Republicans control both the Montana Senate and House, although the governor is a Democrat. Voting within the legislature is along party lines. Certain issues, however, receive support from both parties. In some cases, Republican House members are divided on certain issues.
Are there any other Native Americans who are elected leaders in your state?
Montana has nine Native members of the legislature, more than any other state.
Montana State Senator Jonathan Windy Boy (Chippewa Cree), Representative Brockie, and Representative Lea Whitford (Blackfeet) at the Capitol in Helena, Montana.
How many tribes live in your state?
Montana is home to 10 federally recognized tribes—Assiniboine, Blackfeet, Cheyenne, Chippewa, Cree, Crow, Gros Ventre, Salish, Kootenai, and Sioux—and one state-recognized tribe—Little Shell.
Do you ever meet with the Native people of your state?
Although I currently am not a representative, I continue to meet with the Montana and Wyoming tribal leaders and with people at tribal colleges and public schools located on reservations. I am particularly interested in hearing about people's experiences with issues such as education, land, jurisdiction, voting, buffalo and bison management, water rights, domestic violence, and childcare.
Do Native people in Montana vote in state elections?
Yes, we do, especially when Native Americans run for the legislature in Montana. The voter turnout is better in a presidential election year. Montana Native Americans are mostly Democrats. We have a Native American running for a seat on Congress, Denise Juneau, a member of the Mandan and Hidatsa tribes and a descendant of the Blackfeet Tribe, who is currently the Montana superintendent of Public Instruction, which is also an elected position.
How often does your state congress meet?
The Montana State Legislature meets at the State Capitol every other year. However, members continue to work through special committee meetings or studies.
What responsibilities did you have as a state representative?
I represented two tribes as well as the many farmers, ranchers, businessmen, and schools of House District 32. I sat on the Education, State Government, and Local Government committees. Following the session in Helena, I sat on the State Tribal Relations Committee. I was also appointed by the governor to serve on several state committees. Most recently I was asked if I would be interested in serving on the State Probations and Parole Board. I served as the mistress of ceremonies for the State Tribal Relations Committee in 2013 and was the keynote speaker for the State Conference on Violence against Indian Women that same year.
What is a significant point in Montana state history that you would like to share?
In 1992, an enrolled Gros Ventre tribal member, Loren "Bum" Stiffarm, decided to run in the Democratic primary for representative of Montana’s House District 32. The incumbent was Francis Bardanouve, who by then had been elected to the seat through 15 consecutive campaigns and had served 34 consecutive years. Rep. Bardanouve won the election in 1992 as well, by a large margin, but the outcome was nevertheless fascinating: Mr. Bardanouve garnered 81 percent of the votes off the Fort Belknap Indian Reservation. Mr. Stiffarm also garnered 81 percent of the votes—on the reservation. Eligible white voters clearly outnumbered eligible Indian voters in the district. Lawsuits were filed to create new boundaries for the legislative districts in Montana that would even out the number of eligible white and Indian voters. This gave Native Americans in Montana an opportunity to engage in the legislative affairs in the state.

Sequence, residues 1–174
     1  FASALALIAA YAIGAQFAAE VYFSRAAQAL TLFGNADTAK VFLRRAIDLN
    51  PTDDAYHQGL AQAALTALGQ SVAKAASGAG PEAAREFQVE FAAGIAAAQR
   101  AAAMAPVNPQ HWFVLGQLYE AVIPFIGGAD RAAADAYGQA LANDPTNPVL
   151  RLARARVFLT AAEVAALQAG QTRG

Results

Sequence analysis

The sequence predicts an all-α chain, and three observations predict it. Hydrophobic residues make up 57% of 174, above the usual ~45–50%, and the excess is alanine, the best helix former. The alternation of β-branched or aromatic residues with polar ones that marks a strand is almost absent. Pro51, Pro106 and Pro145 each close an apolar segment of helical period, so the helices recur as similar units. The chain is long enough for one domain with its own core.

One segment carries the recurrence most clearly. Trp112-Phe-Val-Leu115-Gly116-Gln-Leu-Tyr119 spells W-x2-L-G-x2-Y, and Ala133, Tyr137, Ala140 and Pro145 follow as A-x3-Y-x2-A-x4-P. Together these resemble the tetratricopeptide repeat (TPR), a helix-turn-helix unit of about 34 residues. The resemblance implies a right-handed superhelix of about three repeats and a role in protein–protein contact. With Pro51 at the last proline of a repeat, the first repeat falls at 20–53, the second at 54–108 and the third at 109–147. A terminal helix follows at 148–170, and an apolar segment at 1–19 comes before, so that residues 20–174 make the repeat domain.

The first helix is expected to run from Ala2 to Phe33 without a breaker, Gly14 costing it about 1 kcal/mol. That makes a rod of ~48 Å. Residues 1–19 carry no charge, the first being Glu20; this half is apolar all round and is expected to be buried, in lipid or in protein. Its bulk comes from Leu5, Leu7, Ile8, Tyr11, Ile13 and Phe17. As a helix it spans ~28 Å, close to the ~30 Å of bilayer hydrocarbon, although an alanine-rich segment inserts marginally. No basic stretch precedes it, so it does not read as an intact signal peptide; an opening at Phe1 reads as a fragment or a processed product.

How did your life experience prepare you to lead your community?
I have worked for over 40 years. I have an associate degree in Health Administration and worked for the federal government over nine years. I was also a federal women’s program representative and EEO officer for the Indian Health Service. I was the youngest boss in the Rocky Mountain Region, working as both acting service unit director and administrative officer. I worked for the Fort Belknap Indian Community as the director of vocational education (15 years) and in-kind director for women’s educational equity. During that time I was selected for a Presidential Classroom for Young Americans, an Outstanding Young Women of America, and 1988 Montana Indian Educator of the Year. I also traveled to Norway as a chaperon for the Norwegian Student Exchange Program.
I was originally recruited by Fort Belknap College—now Aaniiih Nakoda College—to get the radio station up and running, including supervising the station's construction. KGVA 88.1 FM went "on air" in October 1996. I worked in Institutional Development writing grants for the college until I was appointed Secretary–Treasurer in November 1997. In November 2000 I was hired as the Dean of Students. In 2012 I ran for House District 32 and was sworn in to the Montana House of Representatives in January 2013.